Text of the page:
The Church in Iraq Undeterred by Threat of War
Adventists in Iraq continue to carry out the church's mission despite growing concerns about a war against their country, according to Michael Porter, Middle East Union Mission president. They are continuing with plans that will nearly double the size of the current church building in Baghdad by adding new rooms for Sabbath school functions and a fellowship hall.
“Right now our church members are doing their best to carry on and to continue with their worship,” Porter said in a recent interview with Adventist NewsLine. The leadership of the church in Iraq is planning for the future, undeterred by rhetoric of war, and “our believers in Iraq will be praying that somehow God can intervene so that lives will not be lost,” Porter said.
Organized in 1923, the Adventist Church in Iraq is one of 13 churches recognized by the government. There are three congregations in the country, including one in the city of Nineveh—famed for its visit by the reluctant prophet, Jonah. Every Sabbath nearly 200 members gather to worship at the Baghdad Church—the largest and regarded as one of the most architecturally striking churches in all of Iraq, according to Porter.
The Baghdad congregation recently concluded a week of spiritual emphasis, which featured Amir Ghali, Middle East Union youth director. Church members continue to prepare for Vacation Bible School, which is attended by more than 100 participants. Iraqi church officials say that it is through outreach programs such as these that the church has grown by 45 members in the last five years.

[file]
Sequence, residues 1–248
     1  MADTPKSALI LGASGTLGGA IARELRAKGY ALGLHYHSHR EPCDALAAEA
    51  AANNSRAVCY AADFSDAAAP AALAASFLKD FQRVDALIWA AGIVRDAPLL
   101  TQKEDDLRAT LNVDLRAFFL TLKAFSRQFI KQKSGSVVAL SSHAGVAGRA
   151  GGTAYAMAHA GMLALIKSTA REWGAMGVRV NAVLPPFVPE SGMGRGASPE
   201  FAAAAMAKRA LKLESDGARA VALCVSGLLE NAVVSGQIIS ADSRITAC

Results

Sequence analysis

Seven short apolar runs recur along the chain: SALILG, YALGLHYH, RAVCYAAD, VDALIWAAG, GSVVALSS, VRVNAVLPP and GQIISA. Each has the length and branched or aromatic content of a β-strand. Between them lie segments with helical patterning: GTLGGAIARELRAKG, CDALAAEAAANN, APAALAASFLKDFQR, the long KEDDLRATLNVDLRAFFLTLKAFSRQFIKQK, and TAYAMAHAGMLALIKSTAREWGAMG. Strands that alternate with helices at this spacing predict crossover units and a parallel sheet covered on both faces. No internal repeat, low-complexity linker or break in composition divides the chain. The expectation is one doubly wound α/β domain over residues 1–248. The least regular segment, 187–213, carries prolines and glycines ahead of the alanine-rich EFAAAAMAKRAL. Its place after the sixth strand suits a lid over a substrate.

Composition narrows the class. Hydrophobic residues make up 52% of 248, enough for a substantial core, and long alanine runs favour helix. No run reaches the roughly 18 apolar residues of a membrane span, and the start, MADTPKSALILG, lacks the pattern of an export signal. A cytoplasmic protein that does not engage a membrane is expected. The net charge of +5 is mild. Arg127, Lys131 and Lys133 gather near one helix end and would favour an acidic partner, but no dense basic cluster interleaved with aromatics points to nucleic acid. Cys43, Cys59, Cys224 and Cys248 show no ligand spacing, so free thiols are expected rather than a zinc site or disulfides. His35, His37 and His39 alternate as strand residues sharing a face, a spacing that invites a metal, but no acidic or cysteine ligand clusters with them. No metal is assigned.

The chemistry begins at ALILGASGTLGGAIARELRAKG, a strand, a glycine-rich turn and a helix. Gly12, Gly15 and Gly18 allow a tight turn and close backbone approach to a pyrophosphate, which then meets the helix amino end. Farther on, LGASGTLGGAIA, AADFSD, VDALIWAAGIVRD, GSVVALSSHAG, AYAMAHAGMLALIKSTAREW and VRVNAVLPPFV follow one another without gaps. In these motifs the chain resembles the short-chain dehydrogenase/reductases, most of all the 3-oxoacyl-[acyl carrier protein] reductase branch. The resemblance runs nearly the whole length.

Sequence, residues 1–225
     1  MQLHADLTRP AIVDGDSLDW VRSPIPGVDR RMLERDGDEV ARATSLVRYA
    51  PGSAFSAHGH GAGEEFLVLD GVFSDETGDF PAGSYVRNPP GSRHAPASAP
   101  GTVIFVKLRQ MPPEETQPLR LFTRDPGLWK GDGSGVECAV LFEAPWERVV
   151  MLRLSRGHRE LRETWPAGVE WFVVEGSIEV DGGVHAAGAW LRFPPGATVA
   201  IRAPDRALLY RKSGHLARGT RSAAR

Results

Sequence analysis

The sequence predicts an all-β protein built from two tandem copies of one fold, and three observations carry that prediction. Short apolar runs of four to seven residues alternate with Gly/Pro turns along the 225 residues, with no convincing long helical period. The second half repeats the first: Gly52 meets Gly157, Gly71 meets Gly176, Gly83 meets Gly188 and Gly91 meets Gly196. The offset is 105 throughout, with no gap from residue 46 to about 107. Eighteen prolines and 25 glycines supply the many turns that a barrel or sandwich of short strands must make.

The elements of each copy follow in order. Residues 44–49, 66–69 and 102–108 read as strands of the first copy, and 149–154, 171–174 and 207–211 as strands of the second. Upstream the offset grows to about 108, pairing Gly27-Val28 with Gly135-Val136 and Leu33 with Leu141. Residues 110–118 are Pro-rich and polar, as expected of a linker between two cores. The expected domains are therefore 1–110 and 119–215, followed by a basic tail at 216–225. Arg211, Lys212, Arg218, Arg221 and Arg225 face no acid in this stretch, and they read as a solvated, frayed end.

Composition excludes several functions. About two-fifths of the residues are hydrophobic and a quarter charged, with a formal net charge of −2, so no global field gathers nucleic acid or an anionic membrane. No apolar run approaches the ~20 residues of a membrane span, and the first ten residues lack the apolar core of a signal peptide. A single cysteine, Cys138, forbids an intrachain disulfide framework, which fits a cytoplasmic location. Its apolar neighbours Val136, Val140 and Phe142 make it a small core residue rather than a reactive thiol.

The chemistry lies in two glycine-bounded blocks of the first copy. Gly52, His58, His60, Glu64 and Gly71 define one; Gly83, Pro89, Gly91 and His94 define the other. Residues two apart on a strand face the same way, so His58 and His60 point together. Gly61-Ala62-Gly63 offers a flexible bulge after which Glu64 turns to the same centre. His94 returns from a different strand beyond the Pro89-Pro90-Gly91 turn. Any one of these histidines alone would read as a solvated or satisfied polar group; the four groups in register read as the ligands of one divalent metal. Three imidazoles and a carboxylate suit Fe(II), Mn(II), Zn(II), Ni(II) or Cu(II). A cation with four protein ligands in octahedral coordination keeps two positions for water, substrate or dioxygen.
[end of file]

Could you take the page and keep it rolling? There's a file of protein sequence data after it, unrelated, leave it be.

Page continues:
“Our Iraqi church members express their concern that the people of the country were the ones to suffer from the war 10 years ago and will suffer again if there is another one,” said Porter.
The church in the Middle East Union is preparing contingency plans should war occur, according to Porter. The plans include preparations to evacuate church personnel and to provide humanitarian aid to the victims. A regional office is being considered in one of the neighboring countries to facilitate distribution of food, tents, and other supplies to refugees. “They’re digging wells in their yards so that they’ll have a water supply,” he stated. “They’re preparing for a difficult time without water, without electricity.”
“In a world filled with hate and struggle, a world of ideological strife and of military conflicts, Adventists desire to be known as peacemakers and work for worldwide justice and peace under Christ as the head of a new humanity,” concluded Wollan. •